HEADLINES BELGIAN ECONOMY - MAY 2006
The medium-term outlook for Belgium points towards an average GDP growth rate of 2.2% during the 2006-2011 period, which is slightly higher than potential (2.0%). This pace of growth should follow a slowdown in economic growth in 2005 (1.5%) and a rebound in 2006 (2.4%). Economic growth in Belgium should remain slightly higher than in the euro area, on average.
Despite moderate wage increases, the average yearly growth rate for private consumption should reach 1.8% during the 2006-2011 period, in particular because of the increase in household disposable income (stimulated especially by reductions in personal income tax and increases in employment and social benefits). Investment growth should reach 2.5% during the 2006-2011 period, mainly reflecting the path of business investment growth, but also an acceleration in public investment at the end of the projection period. Growth in exports should be 5.4% on average and the contribution of net exports to GDP growth is expected to be 0.3%-points. The external surplus, which was strongly reduced between 2002 and 2005, should increase again after 2007 and attain 3.2% of GDP in 2011 (partly as a result of the improvement of the terms of trade). Limited increases in wage costs, the decline in oil prices after 2007 and a negative output gap until the end of the projection period, should allow the inflation rate to remain below 2% in the medium term.
The expected evolution of employment reflects a favourable macroeconomic context, a limited increase in wage costs and various policy measures. After the net creation of approximately 39,000 and 41,000 jobs in 2005 and 2006 respectively, about 35,000 jobs should be created every year during the 2007-2011 period. Between 2005 and 2011, industrial employment should fall by 30,000 persons, but the number of jobs created in market services should exceed 250,000. Nevertheless, in view of the strong increase in the labour force (mainly in the 50-64 age class) the fall in unemployment will be limited to 38,000 persons. The unemployment rate (broad administrative statistics) should fall from 14.3% in 2005 to 13.1% in 2011.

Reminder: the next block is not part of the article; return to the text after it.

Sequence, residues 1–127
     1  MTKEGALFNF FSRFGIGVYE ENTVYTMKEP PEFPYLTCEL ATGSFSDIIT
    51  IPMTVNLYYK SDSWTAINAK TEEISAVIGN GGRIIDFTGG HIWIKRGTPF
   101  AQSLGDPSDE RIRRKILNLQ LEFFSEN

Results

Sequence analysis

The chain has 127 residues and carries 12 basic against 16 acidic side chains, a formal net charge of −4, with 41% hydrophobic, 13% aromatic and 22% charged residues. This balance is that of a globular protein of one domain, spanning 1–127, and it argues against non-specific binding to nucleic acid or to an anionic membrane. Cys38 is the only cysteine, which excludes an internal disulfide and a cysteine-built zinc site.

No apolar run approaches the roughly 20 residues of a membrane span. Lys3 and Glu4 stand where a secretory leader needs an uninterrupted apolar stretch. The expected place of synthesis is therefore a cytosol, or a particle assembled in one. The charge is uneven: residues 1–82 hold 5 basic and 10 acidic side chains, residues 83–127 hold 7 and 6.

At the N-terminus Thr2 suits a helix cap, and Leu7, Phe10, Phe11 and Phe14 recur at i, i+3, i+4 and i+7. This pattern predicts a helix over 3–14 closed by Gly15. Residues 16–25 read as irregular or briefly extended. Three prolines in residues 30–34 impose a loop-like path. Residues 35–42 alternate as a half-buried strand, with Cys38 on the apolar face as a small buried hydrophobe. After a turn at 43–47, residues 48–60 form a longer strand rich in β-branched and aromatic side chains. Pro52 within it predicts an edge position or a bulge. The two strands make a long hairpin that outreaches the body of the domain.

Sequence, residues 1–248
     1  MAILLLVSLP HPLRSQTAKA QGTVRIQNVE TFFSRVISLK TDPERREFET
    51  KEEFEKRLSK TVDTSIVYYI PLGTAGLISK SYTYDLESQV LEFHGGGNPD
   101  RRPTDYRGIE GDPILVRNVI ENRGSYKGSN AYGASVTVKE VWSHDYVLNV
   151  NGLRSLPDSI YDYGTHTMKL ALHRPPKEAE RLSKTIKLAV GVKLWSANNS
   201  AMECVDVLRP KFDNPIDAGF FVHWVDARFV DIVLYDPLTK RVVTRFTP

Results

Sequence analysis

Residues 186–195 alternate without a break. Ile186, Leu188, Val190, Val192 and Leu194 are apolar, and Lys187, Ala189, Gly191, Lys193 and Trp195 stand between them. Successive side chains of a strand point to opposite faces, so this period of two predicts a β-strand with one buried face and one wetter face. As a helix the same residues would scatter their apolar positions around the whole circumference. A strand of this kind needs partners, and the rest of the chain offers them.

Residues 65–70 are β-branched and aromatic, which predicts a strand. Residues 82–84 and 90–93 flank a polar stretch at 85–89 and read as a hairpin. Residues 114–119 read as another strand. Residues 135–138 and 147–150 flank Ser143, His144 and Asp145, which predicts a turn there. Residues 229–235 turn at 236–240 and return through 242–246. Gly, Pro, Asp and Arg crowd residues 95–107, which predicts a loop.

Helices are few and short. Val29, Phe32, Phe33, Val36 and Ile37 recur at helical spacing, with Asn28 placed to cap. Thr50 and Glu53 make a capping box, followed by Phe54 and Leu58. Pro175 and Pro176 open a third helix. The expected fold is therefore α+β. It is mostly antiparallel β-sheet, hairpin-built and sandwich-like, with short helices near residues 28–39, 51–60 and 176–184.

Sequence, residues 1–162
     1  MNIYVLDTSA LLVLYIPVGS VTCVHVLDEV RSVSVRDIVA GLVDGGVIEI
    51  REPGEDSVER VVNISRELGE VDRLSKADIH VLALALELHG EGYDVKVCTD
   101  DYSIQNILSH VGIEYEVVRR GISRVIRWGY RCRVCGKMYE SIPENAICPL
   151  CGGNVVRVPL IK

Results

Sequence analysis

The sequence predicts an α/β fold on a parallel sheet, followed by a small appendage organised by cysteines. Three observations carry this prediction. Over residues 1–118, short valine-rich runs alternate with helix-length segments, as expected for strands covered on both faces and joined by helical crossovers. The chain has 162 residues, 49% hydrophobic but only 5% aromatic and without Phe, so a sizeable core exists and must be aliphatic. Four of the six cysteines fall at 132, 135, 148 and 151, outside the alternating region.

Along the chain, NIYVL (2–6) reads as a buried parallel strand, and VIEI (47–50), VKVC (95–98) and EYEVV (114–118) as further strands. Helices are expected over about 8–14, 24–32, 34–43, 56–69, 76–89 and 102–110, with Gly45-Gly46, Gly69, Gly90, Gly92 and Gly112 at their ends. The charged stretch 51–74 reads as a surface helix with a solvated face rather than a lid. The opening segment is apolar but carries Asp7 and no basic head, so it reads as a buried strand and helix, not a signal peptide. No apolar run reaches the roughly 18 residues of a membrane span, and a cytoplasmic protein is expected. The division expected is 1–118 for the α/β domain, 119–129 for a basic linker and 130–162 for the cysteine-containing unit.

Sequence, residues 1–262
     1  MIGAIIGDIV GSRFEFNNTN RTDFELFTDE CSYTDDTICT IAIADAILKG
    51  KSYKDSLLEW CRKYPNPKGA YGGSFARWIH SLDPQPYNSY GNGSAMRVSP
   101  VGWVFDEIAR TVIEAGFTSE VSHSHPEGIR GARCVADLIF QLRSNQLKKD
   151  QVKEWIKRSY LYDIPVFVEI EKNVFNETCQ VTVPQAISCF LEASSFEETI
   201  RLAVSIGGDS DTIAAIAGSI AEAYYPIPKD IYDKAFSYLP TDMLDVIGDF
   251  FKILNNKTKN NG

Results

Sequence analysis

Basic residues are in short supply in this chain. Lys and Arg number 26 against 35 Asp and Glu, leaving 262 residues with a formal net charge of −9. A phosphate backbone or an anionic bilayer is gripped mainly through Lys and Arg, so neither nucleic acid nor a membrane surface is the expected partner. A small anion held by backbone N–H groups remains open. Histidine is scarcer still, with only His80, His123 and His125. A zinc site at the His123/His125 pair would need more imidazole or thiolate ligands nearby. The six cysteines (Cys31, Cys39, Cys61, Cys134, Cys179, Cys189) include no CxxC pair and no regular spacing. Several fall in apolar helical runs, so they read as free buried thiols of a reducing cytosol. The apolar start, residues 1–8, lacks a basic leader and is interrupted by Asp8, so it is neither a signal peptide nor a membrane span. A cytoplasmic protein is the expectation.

Under the assumption of constant policy, public accounts are expected to deteriorate markedly, with a net public financing requirement of 0.3% of GDP appearing in 2006, widening to 1.2% in 2007, before gradually falling to 0.3% by the end of the projection period. Nevertheless, the total public debt to GDP ratio is still expected to decline from 93.9% in 2005 to 78.0% in 2011.
Within the Belgian National Accounts Institute, the Federal Planning Bureau (FPB) has been assigned responsibility for the environmental satellite accounts. One of these accounts is the National Accounting Matrix including Environmental Accounts for Air pollution (NAMEA Air). The NAMEA Air for Belgium currently contains data on greenhouse gas emissions, acidifying emissions, photochemical emissions, emissions of fine dust particles and emissions of lead for 1990 and for the period 1994-2002. The air pollutant that has received the most attention over the last decade is, without any doubt, carbon dioxide, the emissions of which are closely linked to energy use. This special topic investigates the driving forces behind the changes in CO 2 emissions by the Belgian industries by means of decomposition analysis. Emissions by households are thus not considered. The industries were responsible for the largest part of Belgian CO2 emissions, more specifically 76%, in 2002. In that year, CO 2 emissions represented 87% of total greenhouse gas emissions covered by the Kyoto protocol.
Decomposition analysis allows a distinction to be made between the impact on CO 2 emissions of volume changes and the impact of efficiency changes. These efficiency changes can be linked to either energy efficiency or the emission intensity of the energy mix. Concurrently, the impact of changes in the structure of the economy can be taken into account. The first part of the text briefly explains the methodological issues. Following parts present the decomposition results for CO 2 emissions by the Belgian industries between 1990 and 2002. [More in the publication ...]